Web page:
But last year he remained one of football's best linebackers. If he doesn't lose much more, letting him walk would be bad for business. And karma.
We've all had that sinking feeling, the "What was I thinking?" moment when we look at an old photo and can't believe we appeared in public looking that way.
- PHOTOS: Photo gallery: Bears linebacker Brian Urlacher
- Reward over risk
- PHOTOS: Photo gallery: Bears OTAs at Halas Hall
1920 Football Dr, Lake Forest, IL 60045, USA
Soldier Field, 1410 S Museum Campus Dr, Chicago, IL 60605, USA
As we start a new decade, let's take a look at some recent fashion and style trends — those worth keeping and the ones whose searing images cry out for a bonfire.
The single worst idea in many decades was the notion that grown women should show off their naked stomachs.
Low-slung jeans gave even the skinniest women an unsightly muffin top spillover.
Pairing these with a crop top that stops above the belly button has fashion disaster written all over it.
The proliferation of jean options in the last decade is a huge and welcome development for women of all ages. But at what cost? Besides the bare belly problem, can any pair of dungarees be worth $400? Nope.
Pee-wee Herman suits
It wasn't just women who went bad. The shrunken men's suit popularized by designer Thom Brown was hard to take seriously. But Jay-Z and other celebrities known for their immaculate menswear are signaling a turn to more formal dressing for men. And that's a good thing. Jeremy Gutsche, founder of trendhunter.com, predicts we'll see men's "half formal dressing," sprucing up traditional business casual with blazers, bow ties and the like. But khaki pants with blue shirts are here to stay. Alas, forever.
The Olsen twins could get away with the "bohemian" (bag lady) look — appearing as though they are being devoured by their droopy clothes and massive purses. "They can look bummy because they're not bums. When you're billionaires, you can look any way you want," says Kathryn Finney of budget fashionista.com. For the rest of us: Forget it. More streamlined fashion with artisan touches such as embroidery, beading and fringe is a better choice in 2010.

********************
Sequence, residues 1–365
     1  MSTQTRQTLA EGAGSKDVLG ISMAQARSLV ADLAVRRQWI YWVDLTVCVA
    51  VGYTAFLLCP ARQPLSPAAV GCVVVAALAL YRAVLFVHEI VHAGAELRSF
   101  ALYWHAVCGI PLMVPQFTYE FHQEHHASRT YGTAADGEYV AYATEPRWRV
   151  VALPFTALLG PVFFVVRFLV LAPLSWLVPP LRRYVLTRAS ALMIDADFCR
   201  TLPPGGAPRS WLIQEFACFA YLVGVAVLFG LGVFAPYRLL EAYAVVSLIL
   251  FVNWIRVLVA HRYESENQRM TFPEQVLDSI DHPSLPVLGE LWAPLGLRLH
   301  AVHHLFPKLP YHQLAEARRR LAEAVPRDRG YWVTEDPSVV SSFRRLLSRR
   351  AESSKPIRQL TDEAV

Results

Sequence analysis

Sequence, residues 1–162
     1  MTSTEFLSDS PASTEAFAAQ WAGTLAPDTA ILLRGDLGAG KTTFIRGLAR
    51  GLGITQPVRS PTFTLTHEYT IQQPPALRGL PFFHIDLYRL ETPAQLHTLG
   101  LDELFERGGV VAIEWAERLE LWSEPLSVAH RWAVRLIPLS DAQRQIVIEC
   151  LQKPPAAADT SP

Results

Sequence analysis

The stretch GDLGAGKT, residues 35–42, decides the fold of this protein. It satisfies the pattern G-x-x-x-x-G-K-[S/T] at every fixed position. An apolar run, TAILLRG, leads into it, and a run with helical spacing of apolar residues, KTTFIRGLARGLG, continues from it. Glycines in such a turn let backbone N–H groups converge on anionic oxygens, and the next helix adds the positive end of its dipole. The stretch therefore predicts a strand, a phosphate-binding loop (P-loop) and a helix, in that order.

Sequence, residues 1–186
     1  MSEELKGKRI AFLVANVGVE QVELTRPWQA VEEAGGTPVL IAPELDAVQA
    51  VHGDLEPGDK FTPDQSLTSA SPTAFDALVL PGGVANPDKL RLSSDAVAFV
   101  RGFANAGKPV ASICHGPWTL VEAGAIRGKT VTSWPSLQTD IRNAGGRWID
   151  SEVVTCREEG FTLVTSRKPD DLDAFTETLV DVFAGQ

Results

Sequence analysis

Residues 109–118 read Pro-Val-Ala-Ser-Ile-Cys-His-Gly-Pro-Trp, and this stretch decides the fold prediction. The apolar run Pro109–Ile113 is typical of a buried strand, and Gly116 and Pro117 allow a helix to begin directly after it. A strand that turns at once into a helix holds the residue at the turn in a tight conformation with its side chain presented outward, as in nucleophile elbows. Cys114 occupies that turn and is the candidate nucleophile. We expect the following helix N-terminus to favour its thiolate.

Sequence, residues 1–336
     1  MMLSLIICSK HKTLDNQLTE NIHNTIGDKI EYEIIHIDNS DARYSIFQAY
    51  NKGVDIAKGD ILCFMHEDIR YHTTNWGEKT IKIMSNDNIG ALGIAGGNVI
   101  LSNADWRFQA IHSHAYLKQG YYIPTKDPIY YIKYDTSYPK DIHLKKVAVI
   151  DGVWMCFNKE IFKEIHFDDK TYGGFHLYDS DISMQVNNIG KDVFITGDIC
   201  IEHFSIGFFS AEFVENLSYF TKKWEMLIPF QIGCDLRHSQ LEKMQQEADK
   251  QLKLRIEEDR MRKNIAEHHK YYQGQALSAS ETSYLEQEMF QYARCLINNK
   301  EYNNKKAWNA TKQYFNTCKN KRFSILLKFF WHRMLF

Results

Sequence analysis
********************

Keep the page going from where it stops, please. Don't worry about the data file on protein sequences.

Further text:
The model is in Baltimore, where 37-year-old Ray Lewis does more than lead the Ravens in tackles every year.
He leads them in many ways. In preparation. In intensity. In direction.
Lewis is not the player he was either. In fact, he may not be the player Urlacher is at this stage. But he still is in the upper echelon. And the Ravens recognize he has a value to their team and their franchise that goes beyond stopping opposing running backs — that's what makes their relationship remain viable.
Lewis has aged exceptionally well. Urlacher might not.
But it is not unheard of to see extraordinary players — even big-hitting linebackers — make their value last longer than the average player, assuming they can stay healthy.
Bears Hall of Famer Bill George played until he was 37, though he finished up with the Rams. Junior Seau lasted until 40. Kevin Greene made it to 39. And Derrick Brooks lasted to 35.
It is possible Urlacher could keep going strong for another four or five years. And even if his play declines a bit, keeping him happy would be a boon for the team, the locker room and the Bears brand.
This is how it should end — Brian Urlacher Day at Soldier Field.
Speeches. Testimonials. Proclamations.
A large gathering of former teammates standing behind him. His children in his arms and by his side.
A jersey in a frame. A parting gift with lots of chrome and a big engine.
A standing ovation from nearly 64,000 people, many of whom are wearing his number. And applause. Long, heartfelt applause.
His reign as a Bear should end with Urlacher shedding a tear, but not one of disenchantment.